Another “sweet little maiden” finds trouble. “Little Red Cap” was the original title of “Little Red Riding Hood.” Red’s loving, cautious mother sends her “half an hour from the village” into the forest to visit her sick grandmother. On the way, she meets a wolf. Grimm’s and other fairy tales from around the world feature talking animals that are either good or bad. This wolf is very bad and very hungry. He charms the girl, suggesting she bring flowers as well, leading her “deeper and deeper into the forest.” While she does so, he eats her grandmother. Little Red Cap realizes something is “strange,” noting grandma’s “big ears,” “ears,” “eyes,” “hands,” and “teeth.” It is her last observation that prompts the wolf to eat her too.

A huntsman just happens to pass by, and hears the snoring wolf. So he:
took some scissors and cut open the wolf’s belly. After he made a couple of cuts, he saw the little red cap shining forth, and after he made a few more cuts, the girl jumped out and exclaimed, “Oh, how frightened I was! It was so dark in the wolf’s body!”
The Grimms include a sequel. Another hungry wolf turns up outside grandma’s house; only this time, she and Little Red Cap are ready. They make him hungrier by boiling water left over from making sausages. He falls from the roof and drowns in the trough containing the water.

Even with consistently clear, entertainingly graphic writing, The Original Folk and Fairy Tales are either a few paragraphs or pages long. The prince who turns out to be “The Robber Bridegroom” has outwardly good intentions towards his fiancée the Princess, who doesn’t want to visit his castle:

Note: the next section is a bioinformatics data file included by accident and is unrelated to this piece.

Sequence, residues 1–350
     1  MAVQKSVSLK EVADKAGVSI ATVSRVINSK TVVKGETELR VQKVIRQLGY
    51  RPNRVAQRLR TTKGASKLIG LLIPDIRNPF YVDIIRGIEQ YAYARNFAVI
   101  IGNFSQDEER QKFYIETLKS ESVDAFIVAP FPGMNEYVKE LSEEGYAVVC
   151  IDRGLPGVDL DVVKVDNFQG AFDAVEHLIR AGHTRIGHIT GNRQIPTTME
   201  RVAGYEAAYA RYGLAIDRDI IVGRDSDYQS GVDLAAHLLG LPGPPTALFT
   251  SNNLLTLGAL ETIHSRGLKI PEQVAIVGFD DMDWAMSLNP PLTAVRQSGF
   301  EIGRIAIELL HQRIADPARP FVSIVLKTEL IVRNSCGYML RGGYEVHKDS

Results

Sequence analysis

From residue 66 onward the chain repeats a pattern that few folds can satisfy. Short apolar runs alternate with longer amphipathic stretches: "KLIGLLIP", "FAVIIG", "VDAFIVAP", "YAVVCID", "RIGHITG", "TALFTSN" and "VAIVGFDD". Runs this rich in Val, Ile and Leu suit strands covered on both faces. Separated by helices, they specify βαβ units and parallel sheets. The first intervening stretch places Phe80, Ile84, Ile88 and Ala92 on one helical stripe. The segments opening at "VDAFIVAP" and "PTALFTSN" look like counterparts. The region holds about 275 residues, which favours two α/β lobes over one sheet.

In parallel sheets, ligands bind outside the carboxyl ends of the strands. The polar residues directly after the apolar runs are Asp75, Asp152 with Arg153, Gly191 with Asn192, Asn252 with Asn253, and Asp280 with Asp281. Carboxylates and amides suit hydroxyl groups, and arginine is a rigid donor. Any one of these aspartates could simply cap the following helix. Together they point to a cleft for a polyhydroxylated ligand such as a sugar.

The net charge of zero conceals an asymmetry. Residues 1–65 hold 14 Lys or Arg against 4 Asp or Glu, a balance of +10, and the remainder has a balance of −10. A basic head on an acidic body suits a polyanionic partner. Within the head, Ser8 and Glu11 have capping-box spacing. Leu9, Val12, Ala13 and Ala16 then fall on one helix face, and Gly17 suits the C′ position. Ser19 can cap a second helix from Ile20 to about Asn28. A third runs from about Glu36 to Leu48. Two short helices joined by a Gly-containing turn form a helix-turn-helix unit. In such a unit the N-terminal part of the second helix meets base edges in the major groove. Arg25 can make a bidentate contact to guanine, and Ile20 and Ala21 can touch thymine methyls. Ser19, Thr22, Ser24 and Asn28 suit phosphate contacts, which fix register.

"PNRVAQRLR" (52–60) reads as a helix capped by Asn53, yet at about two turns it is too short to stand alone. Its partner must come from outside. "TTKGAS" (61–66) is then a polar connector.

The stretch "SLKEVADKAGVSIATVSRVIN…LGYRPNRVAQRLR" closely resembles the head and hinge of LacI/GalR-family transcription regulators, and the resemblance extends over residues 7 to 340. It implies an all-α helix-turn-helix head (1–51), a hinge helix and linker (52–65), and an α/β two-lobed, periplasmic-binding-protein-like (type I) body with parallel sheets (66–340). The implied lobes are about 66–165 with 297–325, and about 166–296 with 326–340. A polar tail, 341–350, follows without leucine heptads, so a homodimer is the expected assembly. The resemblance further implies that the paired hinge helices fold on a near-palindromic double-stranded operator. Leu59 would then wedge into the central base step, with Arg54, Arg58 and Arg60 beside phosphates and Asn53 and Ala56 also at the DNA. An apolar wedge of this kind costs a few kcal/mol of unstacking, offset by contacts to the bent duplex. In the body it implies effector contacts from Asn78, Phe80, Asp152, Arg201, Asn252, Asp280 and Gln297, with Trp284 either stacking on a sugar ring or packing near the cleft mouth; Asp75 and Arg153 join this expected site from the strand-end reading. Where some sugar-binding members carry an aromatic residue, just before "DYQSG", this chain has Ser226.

since the way to the castle led through a large forest, she continually refused because she feared she might lose her way. If that was her concern, the prince told her, he would readily help her by tying a ribbon on each tree so that she could easily find her way.
This short passage includes essential information and romance—along with an opportunity to explore further. In her 1942 novel of the same name, Eudora Welty embellished the same story with Greek mythology, the New Testament, and a different appreciation of an enchanted forest:
Spring and the clear and separate leaves mounting to the top of the sky, the black flames of cedars, the young trees shining like the lanterns, the magnolias softly ignited; Summer and the vines falling down over the darkest caves, red and green, changing to the purple of grapes and the Autumn descending in a golden curtain; then in the nakedness of the Winter wood the buffalo on his sinking trail, pawing the ice till his forelock hands in the Spring, and the deer following behind to the salty places to transfix his tender head.
The Original Folk and Fairy Tales of the Brothers Grimm are not bedtime stories. They weren’t intended to be. They are for all to share and appreciate in whatever way the reader pleases.
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Review Posted on March 02, 2015 Last modified on March 02, 2015